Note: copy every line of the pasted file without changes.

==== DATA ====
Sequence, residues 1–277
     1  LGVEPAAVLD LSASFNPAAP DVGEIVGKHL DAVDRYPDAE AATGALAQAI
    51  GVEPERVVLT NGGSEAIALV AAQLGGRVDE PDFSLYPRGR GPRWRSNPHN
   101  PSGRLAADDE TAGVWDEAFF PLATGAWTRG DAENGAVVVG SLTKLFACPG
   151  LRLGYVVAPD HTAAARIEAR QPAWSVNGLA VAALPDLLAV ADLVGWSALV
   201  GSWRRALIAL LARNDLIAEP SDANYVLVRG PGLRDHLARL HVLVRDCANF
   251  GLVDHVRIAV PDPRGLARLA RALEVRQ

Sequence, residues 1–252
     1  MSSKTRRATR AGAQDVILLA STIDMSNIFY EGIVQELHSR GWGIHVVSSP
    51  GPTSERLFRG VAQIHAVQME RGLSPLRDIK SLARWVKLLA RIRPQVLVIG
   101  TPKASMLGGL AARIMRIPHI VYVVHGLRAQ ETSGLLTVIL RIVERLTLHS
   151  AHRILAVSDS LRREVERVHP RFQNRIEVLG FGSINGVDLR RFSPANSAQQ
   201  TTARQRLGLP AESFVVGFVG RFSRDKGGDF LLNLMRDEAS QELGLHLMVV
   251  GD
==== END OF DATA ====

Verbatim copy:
Sequence, residues 1–277
     1  LGVEPAAVLD LSASFNPAAP DVGEIVGKHL DAVDRYPDAE AATGALAQAI
    51  GVEPERVVLT NGGSEAIALV AAQLGGRVDE PDFSLYPRGR GPRWRSNPHN
   101  PSGRLAADDE TAGVWDEAFF PLATGAWTRG DAENGAVVVG SLTKLFACPG
   151  LRLGYVVAPD HTAAARIEAR QPAWSVNGLA VAALPDLLAV ADLVGWSALV
   201  GSWRRALIAL LARNDLIAEP SDANYVLVRG PGLRDHLARL HVLVRDCANF
   251  GLVDHVRIAV PDPRGLARLA RALEVRQ

Sequence, residues 1–252
     1  MSSKTRRATR AGAQDVILLA STIDMSNIFY EGIVQELHSR GWGIHVVSSP
    51  GPTSERLFRG VAQIHAVQME RGLSPLRDIK SLARWVKLLA RIRPQVLVIG
   101  TPKASMLGGL AARIMRIPHI VYVVHGLRAQ ETSGLLTVIL RIVERLTLHS
   151  AHRILAVSDS LRREVERVHP RFQNRIEVLG FGSINGVDLR RFSPANSAQQ
   201  TTARQRLGLP AESFVVGFVG RFSRDKGGDF LLNLMRDEAS QELGLHLMVV
   251  GD